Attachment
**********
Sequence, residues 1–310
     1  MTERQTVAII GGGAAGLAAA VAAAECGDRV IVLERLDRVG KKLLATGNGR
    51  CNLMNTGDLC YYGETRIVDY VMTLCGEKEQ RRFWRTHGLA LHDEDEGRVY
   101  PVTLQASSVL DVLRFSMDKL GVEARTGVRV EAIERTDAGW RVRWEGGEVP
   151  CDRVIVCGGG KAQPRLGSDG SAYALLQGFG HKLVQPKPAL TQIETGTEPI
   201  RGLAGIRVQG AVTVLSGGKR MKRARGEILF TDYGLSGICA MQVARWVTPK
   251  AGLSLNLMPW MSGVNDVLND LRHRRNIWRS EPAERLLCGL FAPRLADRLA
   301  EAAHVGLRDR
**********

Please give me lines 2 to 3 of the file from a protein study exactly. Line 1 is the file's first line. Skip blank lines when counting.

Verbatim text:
     1  MTERQTVAII GGGAAGLAAA VAAAECGDRV IVLERLDRVG KKLLATGNGR
    51  CNLMNTGDLC YYGETRIVDY VMTLCGEKEQ RRFWRTHGLA LHDEDEGRVY